The establishment of the UNESCO list of World Heritage Sites, following the World Heritage Convention in 1972, brought together natural and man-made sites of worldwide significance. This list closed the gap between environmental and cultural conservation, demonstrating that similar criteria and methodologies can be applied to ensure preservation and promote sustainable development for both. This enlarged notion of environmental and cultural heritage was fleshed out with specific reference to management criteria in the 1979 Burra Charter and, with respect to the determination of significance, in the 1994 Nara Document on Authenticity.

One consideration remains: the conservation of cultural identities and their associated intangible values, together with their implications for planning. This notion is spelled out in the UNESCO Convention for the Safeguarding of Intangible Cultural Heritage of 2003. This latest convention is a response to globalization and the concern that, in its wake, cultural identities may be lost. It is also an acknowledgment that planning and conservation cannot be separated from the cultural beliefs and know-how of each society, and that these must be protected to ensure their survival. This last frontier of conservation reminds us that places are the tangible manifestations of our humanity, including their intangible meanings and social and cultural continuity. Desecrating our habitats or obliterating our cities is akin to destroying the essence of our humanity.


What lessons can be learned from the thinkers and the enlarged notions of conservation reviewed here? These ideas represent the minority position—the one often ignored by city planners convinced of the need to obliterate the past and start afresh. And yet the minority position is the one that makes the best of the millenary tradition of city building embodied in our historic towns and cities. This position appears all the more relevant in times of diminishing resources and environmental concern about the livability and sustainability of cities. Its tenets may be summed up as follows:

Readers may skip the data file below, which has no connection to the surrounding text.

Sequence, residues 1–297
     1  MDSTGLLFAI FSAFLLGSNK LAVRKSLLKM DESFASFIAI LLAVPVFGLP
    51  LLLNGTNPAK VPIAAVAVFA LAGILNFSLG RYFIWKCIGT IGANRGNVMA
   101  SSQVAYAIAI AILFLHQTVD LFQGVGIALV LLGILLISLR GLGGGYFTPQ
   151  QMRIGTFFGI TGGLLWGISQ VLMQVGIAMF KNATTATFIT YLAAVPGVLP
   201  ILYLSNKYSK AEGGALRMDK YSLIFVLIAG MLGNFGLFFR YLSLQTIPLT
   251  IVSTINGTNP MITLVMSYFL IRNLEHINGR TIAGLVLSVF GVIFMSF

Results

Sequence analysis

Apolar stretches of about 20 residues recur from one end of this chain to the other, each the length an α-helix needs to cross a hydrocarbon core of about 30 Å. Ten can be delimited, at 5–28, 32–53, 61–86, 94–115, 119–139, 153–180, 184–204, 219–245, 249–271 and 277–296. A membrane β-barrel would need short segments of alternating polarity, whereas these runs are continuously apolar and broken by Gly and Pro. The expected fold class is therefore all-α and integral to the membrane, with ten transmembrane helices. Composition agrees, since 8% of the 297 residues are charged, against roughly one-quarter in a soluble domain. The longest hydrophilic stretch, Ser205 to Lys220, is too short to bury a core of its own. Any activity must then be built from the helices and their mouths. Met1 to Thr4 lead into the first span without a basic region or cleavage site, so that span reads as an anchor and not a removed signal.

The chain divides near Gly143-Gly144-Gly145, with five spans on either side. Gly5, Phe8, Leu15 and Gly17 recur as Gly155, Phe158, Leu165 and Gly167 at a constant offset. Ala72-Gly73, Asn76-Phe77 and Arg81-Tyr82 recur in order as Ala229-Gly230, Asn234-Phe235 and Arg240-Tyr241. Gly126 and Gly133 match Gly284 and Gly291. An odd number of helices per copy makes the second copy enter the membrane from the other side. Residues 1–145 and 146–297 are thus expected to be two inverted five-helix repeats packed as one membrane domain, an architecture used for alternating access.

• Camillo Sitte reminds us that interventions in new city contexts must reestablish a closer relationship between city planning and architectural expression, between function, technology, and aesthetics. A satisfactory resolution to the aesthetic problems of the contemporary city remains to be found.
  • The lesson from Patrick Geddes is that planning must be based on a thorough appreciation of the existing context and review of available data. It cannot be left to the casual dynamics of market forces or the improvisations of high-profile architects.
  • Geddes also supported the involvement of residents in the fundamental choices regarding their cities and countryside. Geddes reminds us that a plan should be the expression of the aspirations, sense of place, and efforts of a community, and he warns against the dangers of top-down planning.
  • Gustavo Giovannoni's work points to the need for methods of intervention in historic contexts clearly distinct from those applied to the newer parts of cities. Confusing these two spheres can only lead to disruption in the homogeneous context of historic cities and to undue constraints on present-day developments.